An outsider for ANC president? Unlikely, but not impossible
Some may believe that being an outsider is a quicker and easier route to power than having to spend years in ANC structures.
With the ANC’s leadership election looming at the end of the year and widespread dissatisfaction overwhelming the nation, it appears that there are calls for candidates outside our formal politics to enter the stage. While this signals unhappiness with the state of the ANC and other formal political parties, it also ignores the very real problems that we have within our political structures. Simply put, changing the leadership does not guarantee any other change.
So deep is the general unhappiness with the current situation that these calls are likely to grow, along with the temptation for certain people to answer them. The play for parachuting into a position in national leadership could now be more open than before.
Last week, Sandile Zungu, the billionaire owner of the AmaZulu Football Club, confirmed that he had been approached to contest for the position of leader of the ANC in KwaZulu-Natal.
In December last year, Duduzane Zuma, the son of former president Jacob Zuma, won the chairmanship of a branch of the ANC in Durban.
Meanwhile, there have been persistent calls for the billionaire Patrice Motsepe to “run for president”. Late last year one group went public, claiming that he was the panacea for the ANC’s problems.
In some circles, there is even speculation that former deputy president and United Nations executive director for women, Phumzile Mlambo-Ngcuka, could return to a top position in the ANC.
Before them, of course, Herman Mashaba went from being a rich man, to chair of the Free Market Foundation, to Joburg mayor for the DA and then leaving to start ActionSA.
It is likely that other people will be pushed, or claim to feel pushed, into following them.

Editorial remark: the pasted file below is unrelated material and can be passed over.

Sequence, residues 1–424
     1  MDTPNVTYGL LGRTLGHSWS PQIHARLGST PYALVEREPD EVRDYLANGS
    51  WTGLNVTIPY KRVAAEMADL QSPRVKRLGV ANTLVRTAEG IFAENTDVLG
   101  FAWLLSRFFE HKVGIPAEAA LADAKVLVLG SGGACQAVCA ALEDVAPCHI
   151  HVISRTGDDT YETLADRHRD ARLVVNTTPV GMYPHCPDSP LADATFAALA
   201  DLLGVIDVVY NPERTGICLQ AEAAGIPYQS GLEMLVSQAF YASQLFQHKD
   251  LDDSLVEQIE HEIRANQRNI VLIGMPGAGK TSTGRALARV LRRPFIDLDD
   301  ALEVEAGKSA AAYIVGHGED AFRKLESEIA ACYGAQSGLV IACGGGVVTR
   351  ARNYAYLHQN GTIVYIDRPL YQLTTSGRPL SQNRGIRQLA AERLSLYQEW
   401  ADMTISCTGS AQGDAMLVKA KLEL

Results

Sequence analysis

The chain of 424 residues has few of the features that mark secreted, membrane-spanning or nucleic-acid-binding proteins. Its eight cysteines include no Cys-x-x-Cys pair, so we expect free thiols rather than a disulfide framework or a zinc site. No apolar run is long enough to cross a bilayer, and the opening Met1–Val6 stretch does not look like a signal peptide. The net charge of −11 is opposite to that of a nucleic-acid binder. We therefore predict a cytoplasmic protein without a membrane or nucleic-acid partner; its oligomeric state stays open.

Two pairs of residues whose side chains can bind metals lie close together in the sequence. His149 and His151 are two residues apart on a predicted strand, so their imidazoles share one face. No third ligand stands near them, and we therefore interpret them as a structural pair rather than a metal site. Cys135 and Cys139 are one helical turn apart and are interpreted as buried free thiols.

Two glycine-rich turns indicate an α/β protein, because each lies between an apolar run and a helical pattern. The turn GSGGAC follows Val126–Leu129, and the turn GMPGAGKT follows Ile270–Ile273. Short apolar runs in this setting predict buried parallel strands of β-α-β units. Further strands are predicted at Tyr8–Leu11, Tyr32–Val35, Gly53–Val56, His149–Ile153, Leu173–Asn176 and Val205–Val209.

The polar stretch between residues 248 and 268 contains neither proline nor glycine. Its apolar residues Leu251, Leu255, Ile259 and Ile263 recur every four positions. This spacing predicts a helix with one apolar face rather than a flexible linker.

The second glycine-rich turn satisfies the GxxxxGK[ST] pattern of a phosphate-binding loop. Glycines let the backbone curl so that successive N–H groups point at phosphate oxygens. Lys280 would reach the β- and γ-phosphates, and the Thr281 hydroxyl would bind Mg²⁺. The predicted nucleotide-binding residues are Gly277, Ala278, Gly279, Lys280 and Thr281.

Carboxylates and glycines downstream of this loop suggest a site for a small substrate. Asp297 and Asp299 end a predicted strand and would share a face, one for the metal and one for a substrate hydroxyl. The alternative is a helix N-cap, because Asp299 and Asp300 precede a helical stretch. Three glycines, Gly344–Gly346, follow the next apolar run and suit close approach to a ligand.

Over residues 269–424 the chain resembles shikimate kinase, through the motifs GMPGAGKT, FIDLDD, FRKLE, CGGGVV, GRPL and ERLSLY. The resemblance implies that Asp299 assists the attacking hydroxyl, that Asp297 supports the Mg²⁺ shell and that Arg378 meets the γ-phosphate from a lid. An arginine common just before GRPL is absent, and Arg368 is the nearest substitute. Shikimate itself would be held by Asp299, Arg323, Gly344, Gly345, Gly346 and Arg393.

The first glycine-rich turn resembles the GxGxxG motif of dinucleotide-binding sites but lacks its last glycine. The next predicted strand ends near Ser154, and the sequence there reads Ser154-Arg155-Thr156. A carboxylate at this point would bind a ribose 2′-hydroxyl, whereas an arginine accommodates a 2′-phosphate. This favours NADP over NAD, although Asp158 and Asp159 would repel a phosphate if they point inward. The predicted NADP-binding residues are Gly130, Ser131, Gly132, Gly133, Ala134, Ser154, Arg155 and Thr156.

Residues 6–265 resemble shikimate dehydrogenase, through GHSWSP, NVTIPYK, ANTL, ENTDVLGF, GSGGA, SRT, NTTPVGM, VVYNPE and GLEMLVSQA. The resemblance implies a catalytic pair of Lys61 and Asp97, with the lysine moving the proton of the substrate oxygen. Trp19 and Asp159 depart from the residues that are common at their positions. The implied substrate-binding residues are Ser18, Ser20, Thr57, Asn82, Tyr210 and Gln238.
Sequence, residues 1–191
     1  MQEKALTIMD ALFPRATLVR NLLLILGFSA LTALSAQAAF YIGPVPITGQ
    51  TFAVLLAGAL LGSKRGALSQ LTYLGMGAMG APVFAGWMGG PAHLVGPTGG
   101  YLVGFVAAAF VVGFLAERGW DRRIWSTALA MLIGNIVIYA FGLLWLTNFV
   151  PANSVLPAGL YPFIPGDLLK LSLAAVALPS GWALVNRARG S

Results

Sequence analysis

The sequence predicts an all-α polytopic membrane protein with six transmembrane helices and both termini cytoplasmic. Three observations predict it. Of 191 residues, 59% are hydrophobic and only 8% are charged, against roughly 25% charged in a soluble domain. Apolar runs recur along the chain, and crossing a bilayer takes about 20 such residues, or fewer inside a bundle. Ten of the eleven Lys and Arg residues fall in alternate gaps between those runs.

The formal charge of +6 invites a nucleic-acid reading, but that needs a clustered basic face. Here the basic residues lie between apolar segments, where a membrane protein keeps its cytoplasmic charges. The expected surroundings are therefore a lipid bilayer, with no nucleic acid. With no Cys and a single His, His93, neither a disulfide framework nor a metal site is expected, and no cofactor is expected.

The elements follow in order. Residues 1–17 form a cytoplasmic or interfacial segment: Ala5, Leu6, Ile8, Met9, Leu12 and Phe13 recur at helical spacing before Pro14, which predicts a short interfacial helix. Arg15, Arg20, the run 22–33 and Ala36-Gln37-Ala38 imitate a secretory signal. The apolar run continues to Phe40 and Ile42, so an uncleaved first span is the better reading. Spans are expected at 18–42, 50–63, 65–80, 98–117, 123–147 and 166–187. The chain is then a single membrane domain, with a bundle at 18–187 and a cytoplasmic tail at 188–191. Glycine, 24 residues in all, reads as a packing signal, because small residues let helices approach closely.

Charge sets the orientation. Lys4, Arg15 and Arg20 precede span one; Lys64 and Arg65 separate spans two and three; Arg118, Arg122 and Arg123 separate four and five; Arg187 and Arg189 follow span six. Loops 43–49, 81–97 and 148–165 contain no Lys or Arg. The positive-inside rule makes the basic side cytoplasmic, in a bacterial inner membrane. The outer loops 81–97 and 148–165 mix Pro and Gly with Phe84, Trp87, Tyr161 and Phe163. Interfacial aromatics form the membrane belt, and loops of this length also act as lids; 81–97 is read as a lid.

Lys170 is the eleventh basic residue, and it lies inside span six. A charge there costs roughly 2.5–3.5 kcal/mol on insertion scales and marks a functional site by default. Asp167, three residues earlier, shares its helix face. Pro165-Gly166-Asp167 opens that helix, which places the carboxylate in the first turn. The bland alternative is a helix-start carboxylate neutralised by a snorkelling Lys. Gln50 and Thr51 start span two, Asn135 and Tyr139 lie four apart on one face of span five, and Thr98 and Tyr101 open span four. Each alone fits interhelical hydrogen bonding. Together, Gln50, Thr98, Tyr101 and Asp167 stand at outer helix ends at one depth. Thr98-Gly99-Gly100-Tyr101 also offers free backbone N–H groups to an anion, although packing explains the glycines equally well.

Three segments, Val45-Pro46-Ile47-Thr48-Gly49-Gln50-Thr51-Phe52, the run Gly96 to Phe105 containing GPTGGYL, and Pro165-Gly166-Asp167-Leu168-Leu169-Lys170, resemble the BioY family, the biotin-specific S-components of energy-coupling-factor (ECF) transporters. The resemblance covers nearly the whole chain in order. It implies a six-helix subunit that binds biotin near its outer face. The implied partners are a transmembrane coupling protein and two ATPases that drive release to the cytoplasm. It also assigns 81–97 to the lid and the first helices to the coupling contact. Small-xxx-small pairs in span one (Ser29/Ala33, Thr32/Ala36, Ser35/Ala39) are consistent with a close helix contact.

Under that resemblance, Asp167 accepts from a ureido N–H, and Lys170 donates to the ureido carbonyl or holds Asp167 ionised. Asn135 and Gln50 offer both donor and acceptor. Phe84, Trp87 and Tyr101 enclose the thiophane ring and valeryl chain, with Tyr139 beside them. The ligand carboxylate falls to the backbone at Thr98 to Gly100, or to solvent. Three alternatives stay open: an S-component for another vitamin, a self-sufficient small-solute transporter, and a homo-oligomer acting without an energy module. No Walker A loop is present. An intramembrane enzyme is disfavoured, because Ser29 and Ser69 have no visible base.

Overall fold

However, while it is tempting to imagine an “outsider” or previous leader coming into the ANC to save it, that appears to be unlikely.
Under the ANC’s constitution, the top six national officials are part of the National Executive Committee (NEC). The party’s constitution says, “A person must have been a member in good standing of the ANC for at least 10 (ten) years before she or he can be nominated for election to the NEC.”
This may not rule out Mlambo-Ngcuka, who may well have kept up her membership of the party while working at the United Nations. It is not certain whether Motsepe has been a member of the party for the past 10 years. But he has certainly donated large amounts of money to the party and is a brother-in-law of its leader (his sister, Dr Tshepo Motsepe-Ramaphosa, is the first lady).
While there may be no internal ANC rule preventing either from running for leader, it would certainly go against convention.
In the recent history of the ANC, it simply has not happened that someone who is not a member of the NEC has contested for leadership.
However, it has happened at least once in the distant past
In 1949, James Moroka was elected president-general of the ANC (with a lot of help from Walter Sisulu and Nelson Mandela). As SA History Online explains: “Although Moroka was not a member of the ANC itself but a member of the ANCYL, and his election would be unconstitutional, the Youth League was struggling to find a candidate who could challenge AB Xuma.”
It seems unlikely that that could happen again more than 70 years later.